WHEN EVERY DAY IS FATHER'S DAY
June 16, 2007
(Phoenix, AZ) Author: Robert Leger, The Arizona Republic Estimated printed
My father fell off a truck last year, banging his head against asphalt and
landing in intensive care.
My mother was furious at him. Why couldn't he act his age, instead of doing
things more appropriate to someone 20 years younger?
And then she -- with all of the family -- worried. An MRI showed bruising in his
brain. Doctors warned the bruise could grow. Dad was in a haze. He didn't know
the year. He knew my mother was his wife, but couldn't come up with her name. He
slipped into speaking Spanish, the language of his childhood.
On his second day at the Mayo Clinic Hospital, the doctor pulled my mother and
me aside. The bruise had stabilized, which was a good thing, he said. As for the
future? The brain is a mysterious organ. Some people recover completely from
such an injury, the doctor said. The tone in his voice emphasized the unspoken
The next day Dad went home. Physical side effects made him miserable the first
few days. But far worse was his difficulty with speech. He could visualize an
object but couldn't find the word. Every conversation became a game of charades.
He became frustrated when we couldn't understand what he was trying to say. His
temper grew shorter and shorter.
The future looked anything but bright. On top of this, my parents' 50th
anniversary was two months away. We had a big party planned. Would he be well
enough for it, or would everyone have a horrible time? Should we cancel?
But my father, he's tough. He started physical, vocational and speech rehab at
Scottsdale Healthcare, expecting a long-term process. But one by one, the
therapists dismissed him. Speech took the longest -- five or six weeks -- and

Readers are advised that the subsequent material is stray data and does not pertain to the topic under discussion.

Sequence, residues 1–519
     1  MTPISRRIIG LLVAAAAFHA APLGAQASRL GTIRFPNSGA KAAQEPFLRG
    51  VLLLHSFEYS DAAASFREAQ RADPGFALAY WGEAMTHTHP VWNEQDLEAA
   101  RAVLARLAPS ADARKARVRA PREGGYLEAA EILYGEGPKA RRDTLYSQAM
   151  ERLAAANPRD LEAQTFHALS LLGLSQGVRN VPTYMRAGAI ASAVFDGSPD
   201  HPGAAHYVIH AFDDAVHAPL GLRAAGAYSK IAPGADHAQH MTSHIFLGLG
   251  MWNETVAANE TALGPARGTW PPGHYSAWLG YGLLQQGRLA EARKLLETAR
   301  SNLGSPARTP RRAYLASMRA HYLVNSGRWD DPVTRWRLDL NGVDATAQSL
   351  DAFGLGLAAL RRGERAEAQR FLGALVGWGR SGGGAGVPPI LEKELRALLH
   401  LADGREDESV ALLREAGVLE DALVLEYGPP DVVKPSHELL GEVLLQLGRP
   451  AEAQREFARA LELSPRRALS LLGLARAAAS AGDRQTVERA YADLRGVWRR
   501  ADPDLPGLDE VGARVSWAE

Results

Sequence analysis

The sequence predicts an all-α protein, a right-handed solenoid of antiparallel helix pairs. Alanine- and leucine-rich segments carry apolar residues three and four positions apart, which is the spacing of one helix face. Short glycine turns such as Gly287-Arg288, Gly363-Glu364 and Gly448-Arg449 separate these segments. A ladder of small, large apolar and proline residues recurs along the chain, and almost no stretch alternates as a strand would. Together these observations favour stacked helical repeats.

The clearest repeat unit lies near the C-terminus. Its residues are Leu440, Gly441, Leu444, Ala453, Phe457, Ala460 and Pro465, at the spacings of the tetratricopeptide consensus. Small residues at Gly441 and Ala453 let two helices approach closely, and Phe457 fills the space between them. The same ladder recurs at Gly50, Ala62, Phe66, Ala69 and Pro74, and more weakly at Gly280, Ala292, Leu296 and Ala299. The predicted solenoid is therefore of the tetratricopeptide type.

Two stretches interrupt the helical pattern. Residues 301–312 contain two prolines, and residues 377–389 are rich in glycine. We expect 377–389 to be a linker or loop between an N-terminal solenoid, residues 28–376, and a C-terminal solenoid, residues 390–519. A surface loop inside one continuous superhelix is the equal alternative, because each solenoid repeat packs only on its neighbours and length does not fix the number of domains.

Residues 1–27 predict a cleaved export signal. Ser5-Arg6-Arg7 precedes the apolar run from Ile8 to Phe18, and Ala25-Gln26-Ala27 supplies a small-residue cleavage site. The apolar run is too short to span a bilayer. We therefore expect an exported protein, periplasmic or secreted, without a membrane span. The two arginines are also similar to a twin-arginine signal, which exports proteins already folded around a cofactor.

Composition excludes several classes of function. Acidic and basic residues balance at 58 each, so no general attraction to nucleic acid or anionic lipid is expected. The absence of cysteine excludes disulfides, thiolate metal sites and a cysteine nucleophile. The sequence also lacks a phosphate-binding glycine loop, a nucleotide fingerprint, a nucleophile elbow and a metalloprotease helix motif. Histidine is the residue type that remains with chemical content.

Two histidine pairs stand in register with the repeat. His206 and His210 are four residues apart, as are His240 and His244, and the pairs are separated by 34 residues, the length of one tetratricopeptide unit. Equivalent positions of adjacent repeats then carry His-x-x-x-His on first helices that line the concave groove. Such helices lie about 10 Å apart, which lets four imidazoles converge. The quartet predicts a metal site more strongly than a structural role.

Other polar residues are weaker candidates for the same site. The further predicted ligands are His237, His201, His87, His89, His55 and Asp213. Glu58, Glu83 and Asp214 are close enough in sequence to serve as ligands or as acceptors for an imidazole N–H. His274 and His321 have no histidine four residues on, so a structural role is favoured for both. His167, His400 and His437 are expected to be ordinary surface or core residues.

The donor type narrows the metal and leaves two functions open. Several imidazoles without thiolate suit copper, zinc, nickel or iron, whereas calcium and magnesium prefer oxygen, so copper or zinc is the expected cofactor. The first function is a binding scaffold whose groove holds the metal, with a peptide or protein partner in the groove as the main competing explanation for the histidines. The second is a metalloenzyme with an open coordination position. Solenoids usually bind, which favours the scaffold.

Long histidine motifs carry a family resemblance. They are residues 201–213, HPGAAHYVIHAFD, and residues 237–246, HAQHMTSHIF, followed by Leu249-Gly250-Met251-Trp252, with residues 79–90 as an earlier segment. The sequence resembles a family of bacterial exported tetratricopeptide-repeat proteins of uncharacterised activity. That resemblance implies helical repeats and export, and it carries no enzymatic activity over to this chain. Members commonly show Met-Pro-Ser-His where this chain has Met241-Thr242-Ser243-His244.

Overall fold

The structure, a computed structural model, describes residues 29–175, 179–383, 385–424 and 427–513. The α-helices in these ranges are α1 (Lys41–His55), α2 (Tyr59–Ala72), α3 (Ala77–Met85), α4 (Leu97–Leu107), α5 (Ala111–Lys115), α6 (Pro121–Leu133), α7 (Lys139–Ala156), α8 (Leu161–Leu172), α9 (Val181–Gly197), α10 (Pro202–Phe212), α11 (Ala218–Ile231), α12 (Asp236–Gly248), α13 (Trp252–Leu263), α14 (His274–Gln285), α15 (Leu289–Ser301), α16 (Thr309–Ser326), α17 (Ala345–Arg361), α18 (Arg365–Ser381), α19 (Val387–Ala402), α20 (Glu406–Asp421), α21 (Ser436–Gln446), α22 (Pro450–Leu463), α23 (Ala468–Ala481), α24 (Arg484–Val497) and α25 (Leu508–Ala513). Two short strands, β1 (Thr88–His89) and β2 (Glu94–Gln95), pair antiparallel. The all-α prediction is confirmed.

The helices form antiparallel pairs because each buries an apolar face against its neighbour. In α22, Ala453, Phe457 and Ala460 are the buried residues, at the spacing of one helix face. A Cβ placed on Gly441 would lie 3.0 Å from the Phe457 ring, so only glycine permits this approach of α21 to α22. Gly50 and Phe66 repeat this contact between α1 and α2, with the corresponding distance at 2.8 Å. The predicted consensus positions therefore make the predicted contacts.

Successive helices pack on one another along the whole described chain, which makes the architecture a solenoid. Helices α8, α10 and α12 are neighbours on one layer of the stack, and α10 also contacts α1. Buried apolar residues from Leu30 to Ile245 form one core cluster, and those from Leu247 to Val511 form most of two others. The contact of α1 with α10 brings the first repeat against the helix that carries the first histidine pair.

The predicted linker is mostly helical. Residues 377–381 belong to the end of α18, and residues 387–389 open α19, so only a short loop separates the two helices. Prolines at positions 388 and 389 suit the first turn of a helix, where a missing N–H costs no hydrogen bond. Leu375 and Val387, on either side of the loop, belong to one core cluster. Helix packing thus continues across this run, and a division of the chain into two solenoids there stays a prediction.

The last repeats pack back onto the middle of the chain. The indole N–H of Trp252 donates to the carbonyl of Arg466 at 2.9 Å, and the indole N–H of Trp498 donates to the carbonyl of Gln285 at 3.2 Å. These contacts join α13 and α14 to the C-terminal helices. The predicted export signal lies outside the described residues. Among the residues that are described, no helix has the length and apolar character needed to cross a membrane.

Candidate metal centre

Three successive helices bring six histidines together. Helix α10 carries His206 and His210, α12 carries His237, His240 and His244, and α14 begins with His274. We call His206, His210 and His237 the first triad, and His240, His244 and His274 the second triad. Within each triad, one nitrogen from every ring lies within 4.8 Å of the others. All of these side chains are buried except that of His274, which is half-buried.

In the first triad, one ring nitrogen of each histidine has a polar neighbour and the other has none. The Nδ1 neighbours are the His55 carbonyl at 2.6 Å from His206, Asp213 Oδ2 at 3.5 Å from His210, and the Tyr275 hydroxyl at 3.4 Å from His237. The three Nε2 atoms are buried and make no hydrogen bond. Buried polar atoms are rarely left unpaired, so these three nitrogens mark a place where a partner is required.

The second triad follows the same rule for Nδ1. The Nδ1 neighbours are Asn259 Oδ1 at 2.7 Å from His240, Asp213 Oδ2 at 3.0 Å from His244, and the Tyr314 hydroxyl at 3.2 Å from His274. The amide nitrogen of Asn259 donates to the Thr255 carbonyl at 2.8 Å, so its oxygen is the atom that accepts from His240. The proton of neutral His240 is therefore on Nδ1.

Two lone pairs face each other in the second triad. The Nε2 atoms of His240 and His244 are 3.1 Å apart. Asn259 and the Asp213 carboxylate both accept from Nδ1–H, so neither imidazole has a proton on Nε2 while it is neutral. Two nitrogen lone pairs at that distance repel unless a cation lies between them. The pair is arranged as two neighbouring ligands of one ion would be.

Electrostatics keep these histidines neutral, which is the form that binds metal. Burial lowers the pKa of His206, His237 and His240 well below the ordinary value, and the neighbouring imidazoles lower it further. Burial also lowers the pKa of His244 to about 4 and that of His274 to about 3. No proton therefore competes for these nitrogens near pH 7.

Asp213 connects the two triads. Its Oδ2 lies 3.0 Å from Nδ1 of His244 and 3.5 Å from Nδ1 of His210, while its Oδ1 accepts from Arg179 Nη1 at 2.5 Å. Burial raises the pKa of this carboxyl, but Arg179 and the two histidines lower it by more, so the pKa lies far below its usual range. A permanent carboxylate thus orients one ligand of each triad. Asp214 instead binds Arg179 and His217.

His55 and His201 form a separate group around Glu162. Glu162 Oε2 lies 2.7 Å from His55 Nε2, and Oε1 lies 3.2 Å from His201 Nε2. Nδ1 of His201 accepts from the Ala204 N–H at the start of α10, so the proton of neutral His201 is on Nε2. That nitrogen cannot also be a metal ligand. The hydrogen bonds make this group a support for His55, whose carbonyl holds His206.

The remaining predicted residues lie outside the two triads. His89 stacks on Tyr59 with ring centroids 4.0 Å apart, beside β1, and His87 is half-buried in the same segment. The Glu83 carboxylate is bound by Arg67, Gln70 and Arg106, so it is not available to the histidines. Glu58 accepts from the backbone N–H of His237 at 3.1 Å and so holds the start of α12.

the therapist sighed when she said there was no reason to continue. No one
should have recovered from such a head injury in so short a time.
That's my father. The youngest of 14, he's never shrunk from a challenge.
This was bigger than becoming an Air Force pilot or buying out his employer's
business or teaching my sister to parallel park, but he faced it with the same
attitude that nothing but success was possible.
The anniversary party was joyous. My father, wearing a tuxedo, danced with young
women, shared stories with his brothers and sisters, enjoyed every toast. It was
a celebration of more than an anniversary.
It's a celebration I cherish every day. I nearly lost my father through a stupid
accident. He's back. He still stumbles over a word now and then, but he hides it
well. He continues to work as a salesman, using words and his personality to
close a deal. We golf. He comes to my sons' football and basketball games. Far
more mechanical than I, he helps me solve mysteries like the irrigation system.
And sometimes, we just sit on the patio, enjoying the evening air, talking about
nothing much over a beer. These are the best times, because after last year,
every day is Father's Day.
Contact Robert Leger at Robert.firstname.lastname@example.org or (602) 444-6805.
CAPTION: Scottsdale Republic Opinions Editor Robert Leger toasts his father,
Dick, and his mother, Mary Lu, at the couple's 50th wedding anniversary party
Edition: Final Chaser
Section: Scottsdale Republic North